On a car that has been painted before, you need to "scuff" up the prior finish / metal in order to get the primer to adhere. This is where sanding comes in. If you have several layers of paint, or if you have chips, or if you have known uneven surfaces, now is the time to sand the panel in such a manner as to smooth the surface out.

    You can use a dual action random orbital sander commonly referred to as a D/A sander. This tool allows you to quickly smooth out a panel and to feather out chips and cracks.

    Once you have the panel smoothed out you then primer the WHOLE panel with primer. Choose a color that will allow you to apply your paint without having to use several coats of paint, in order to hide the primer itself. For Example, White Paint use Light Gray Primer. Black Paint use the good old Maroon / Dark Rust Red or find a Dark Gray. Generally lighter shades of paint require a light gray primer, darker the maroon or dark gray.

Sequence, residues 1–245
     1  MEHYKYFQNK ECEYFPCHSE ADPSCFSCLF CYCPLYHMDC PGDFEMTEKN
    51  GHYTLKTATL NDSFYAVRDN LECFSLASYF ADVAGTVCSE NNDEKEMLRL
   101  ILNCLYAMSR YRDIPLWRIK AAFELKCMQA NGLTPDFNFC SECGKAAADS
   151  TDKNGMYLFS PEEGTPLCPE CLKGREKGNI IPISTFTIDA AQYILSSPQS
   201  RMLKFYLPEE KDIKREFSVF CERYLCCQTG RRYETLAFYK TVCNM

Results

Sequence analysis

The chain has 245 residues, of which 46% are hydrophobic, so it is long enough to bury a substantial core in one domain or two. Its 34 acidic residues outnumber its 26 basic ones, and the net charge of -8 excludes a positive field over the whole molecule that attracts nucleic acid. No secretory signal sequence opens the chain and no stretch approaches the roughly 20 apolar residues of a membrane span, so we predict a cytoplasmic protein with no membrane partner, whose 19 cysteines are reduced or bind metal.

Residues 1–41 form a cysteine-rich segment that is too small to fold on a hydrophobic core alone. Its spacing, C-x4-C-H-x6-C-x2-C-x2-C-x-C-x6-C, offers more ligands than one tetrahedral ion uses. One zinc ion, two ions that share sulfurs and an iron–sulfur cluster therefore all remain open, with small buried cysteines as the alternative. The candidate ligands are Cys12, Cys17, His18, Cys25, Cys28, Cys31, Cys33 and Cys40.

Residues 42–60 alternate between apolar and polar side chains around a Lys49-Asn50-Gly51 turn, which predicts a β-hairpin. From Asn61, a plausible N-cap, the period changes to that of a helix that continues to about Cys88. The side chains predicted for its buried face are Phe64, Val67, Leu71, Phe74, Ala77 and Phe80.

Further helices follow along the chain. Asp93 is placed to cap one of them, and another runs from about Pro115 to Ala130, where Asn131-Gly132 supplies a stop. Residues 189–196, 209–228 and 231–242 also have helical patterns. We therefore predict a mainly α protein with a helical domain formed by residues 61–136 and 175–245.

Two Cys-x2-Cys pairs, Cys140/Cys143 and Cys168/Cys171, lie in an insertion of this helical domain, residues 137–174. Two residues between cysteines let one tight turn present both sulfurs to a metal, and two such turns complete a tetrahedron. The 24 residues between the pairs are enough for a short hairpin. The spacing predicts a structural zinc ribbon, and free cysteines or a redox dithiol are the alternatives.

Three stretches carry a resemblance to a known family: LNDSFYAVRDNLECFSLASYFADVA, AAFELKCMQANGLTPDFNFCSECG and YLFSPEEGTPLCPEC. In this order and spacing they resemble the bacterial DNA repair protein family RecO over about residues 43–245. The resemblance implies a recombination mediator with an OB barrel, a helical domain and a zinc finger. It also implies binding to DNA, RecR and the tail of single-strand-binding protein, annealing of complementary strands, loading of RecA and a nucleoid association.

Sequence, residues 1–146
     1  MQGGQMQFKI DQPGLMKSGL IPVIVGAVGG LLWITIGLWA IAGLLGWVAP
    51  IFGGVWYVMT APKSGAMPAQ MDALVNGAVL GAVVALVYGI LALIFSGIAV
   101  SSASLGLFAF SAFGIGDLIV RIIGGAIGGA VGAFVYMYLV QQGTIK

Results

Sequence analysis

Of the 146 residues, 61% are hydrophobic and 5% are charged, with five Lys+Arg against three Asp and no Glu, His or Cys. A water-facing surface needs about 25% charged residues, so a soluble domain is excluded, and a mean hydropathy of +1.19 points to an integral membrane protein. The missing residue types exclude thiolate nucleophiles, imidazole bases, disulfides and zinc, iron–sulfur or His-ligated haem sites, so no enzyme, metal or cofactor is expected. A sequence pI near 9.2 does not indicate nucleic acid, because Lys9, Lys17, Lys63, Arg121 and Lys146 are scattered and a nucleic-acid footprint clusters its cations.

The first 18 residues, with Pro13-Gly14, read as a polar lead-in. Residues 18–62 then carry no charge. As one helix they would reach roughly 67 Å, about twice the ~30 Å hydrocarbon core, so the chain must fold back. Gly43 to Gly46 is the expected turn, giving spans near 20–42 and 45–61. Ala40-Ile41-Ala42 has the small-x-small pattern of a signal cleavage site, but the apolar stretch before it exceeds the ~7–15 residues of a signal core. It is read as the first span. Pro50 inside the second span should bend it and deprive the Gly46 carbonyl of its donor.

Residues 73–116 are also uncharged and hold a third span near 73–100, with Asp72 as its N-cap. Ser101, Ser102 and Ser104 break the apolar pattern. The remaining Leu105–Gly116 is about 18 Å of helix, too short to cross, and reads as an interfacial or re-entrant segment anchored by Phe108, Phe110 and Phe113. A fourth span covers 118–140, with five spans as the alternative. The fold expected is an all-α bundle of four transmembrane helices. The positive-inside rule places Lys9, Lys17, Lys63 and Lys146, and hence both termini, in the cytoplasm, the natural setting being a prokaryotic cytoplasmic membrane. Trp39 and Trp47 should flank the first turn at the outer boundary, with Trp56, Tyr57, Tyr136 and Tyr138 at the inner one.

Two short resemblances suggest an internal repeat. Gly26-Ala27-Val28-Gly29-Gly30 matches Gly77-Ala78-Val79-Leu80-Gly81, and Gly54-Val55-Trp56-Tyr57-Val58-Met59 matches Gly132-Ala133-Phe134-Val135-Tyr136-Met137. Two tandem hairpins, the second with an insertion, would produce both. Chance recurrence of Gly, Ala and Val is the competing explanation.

If you are familiar with the whole process you could sand your whole panel and then just spot primer the exposed metal. Scuff off the "skin" and then paint.

    I hope that this helps you.

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    The metal etching information was helpful. I guess the larger concern I was attempting to express but seemed to have failed at is; in order for me to feather the low points evenly, it seems as though I will be sanding large portions to metal base.

    I suppose with some much needed guidance from the members, I'll find the right prep before painting.

    (car will not be ready for paint until early October).

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    When you sand the old paint job, if the metal is less than perfectly smooth it is a given that you will sand down to the metal in spots. The purpose of sanding LARGE areas when sanding a blemish is to feather (i.e. gradually slope) the chip / crack / blemish.

    Unless you are going for a Black Paint job afterwards, AND you've feathered out properly, the probability of picking out the "low" is slight. Remember, you WILL need to use primer, AT LEAST in the areas where you've cut to the metal.

    You don't need to sand the whole panel down to metal, just feather out the areas where you've cut to metal so that it isn't a STEP from the top of the paint to the bottom of the metal. Besides, if you have 1/16" or .0625" or thereabouts from the paint to the metal, then you could definitely stand some more sanding in order to fade the blemish.